The various transitions needed to adapt to environmental upheavals require innovative tools. Serious games appear to be very useful for this purpose. These games are designed to transform behavior and are described as “persuasive” by the scientific literature. This article presents the results of a French national exploratory survey that identified and qualified existing games on the themes of agriculture, the environment, food and territory. A total of 105 games were identified. The results show that while most of these games are used for teaching/training purposes, there are also many games designed to promote dialog and action among stakeholders. These games are structured around collaboration, targeting the co-construction of new futures between players. Mostly analog, they offer a new type of game, which can be qualified as social and frugal innovations. Although the results need to be confirmed on a larger scale, this study highlights the recent development of games as an innovative tool to support sustainable transitions.
The supply of natural aggregates in France has become a major issue due to the expected increase in consumption, both in the field of construction and public works, and due to the environmental and societal constraints that their exploitation generates. The ANR AGREGA project aims to develop a methodology and an operational simulation tool in order to conduct a prospective analysis of the aggregates market on a regional scale, over 30 years. However, the choices to be made have yet to be accepted. As part of this research project and as part of training programs within the University of Paris Saclay and UNILaSALLE, an innovative pedagogical approach has been proposed to develop collaborative learning. It is based on an integrated environmental assessment, which aims to mobilize a variety of tools for discovery, simulation and deliberation around the question of the supply of aggregates. It is based on a participatory approach, called INTEGRAAL, which aims to involve actors (here, the students) in dialogs relating to the decisions to be taken, individually and collectively, concerning the supply of aggregates. Pedagogical innovation also comes from the possibility of enriching the interactions between actors by using a large wall of stereoscopic images, known as an Immersive Wall for Research and Education.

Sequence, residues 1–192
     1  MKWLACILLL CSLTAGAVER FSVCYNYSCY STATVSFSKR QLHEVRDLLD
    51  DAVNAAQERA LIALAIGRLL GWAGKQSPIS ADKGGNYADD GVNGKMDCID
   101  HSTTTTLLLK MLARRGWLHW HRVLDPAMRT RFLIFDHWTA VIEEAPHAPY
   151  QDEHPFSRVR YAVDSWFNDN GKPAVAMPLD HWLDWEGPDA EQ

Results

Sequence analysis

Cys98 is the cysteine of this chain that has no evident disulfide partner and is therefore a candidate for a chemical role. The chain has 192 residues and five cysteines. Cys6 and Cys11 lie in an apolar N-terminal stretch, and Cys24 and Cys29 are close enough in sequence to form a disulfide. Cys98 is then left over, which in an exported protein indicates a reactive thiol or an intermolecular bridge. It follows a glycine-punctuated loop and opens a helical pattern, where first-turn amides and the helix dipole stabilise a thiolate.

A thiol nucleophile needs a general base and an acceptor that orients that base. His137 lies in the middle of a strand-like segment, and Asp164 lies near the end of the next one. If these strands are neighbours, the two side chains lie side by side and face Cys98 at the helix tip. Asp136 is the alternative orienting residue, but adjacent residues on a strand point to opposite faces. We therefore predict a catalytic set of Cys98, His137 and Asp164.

The University Libraries of Nouvelle-Aquitaine have chosen to use an entertaining media tool to raise awareness among the general public regarding open science. “Journey to Open Science” was created by a multidisciplinary team with a methodology aiming for the perfect balance between pedagogy and fun, and based on game studies research. Early feedback demonstrates how suitable this approach was.
The JeuxDeMots project aims to build a broad base of common and specialized knowledge, in French, by using games. About a dozen games have been designed as part of this project. Each game allows one to either collect specific information or to verify the information acquired through the other games. This article presents, both qualitatively and quantitatively, the data collected and constructed since the launch of the project in the summer of 2007. The main game of the project is presented as well as our last game, Sémintox, a guessing game where the player verifies and corrects collected data.